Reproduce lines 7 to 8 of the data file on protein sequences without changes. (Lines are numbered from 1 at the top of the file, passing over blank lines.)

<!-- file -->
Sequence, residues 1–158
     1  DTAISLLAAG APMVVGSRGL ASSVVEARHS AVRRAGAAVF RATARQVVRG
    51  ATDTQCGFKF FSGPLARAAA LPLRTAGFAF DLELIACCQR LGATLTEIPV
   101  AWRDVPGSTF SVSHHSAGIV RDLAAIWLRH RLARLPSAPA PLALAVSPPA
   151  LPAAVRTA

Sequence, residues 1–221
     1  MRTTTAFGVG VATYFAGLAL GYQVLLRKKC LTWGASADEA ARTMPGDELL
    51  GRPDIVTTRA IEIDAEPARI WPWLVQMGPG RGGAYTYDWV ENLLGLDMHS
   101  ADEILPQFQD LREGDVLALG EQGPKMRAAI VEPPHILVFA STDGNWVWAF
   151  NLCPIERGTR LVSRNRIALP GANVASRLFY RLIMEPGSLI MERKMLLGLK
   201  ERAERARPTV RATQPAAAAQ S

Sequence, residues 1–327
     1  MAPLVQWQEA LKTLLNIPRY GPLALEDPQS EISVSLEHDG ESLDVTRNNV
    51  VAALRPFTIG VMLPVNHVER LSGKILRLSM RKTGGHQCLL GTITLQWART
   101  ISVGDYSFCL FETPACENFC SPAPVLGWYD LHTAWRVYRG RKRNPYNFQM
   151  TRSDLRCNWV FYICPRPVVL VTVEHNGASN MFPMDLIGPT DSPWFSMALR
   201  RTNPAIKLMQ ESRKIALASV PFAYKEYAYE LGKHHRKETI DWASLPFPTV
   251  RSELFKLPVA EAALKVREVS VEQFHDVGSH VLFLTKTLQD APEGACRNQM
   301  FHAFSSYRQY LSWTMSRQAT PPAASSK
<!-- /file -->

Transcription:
     1  MRTTTAFGVG VATYFAGLAL GYQVLLRKKC LTWGASADEA ARTMPGDELL
    51  GRPDIVTTRA IEIDAEPARI WPWLVQMGPG RGGAYTYDWV ENLLGLDMHS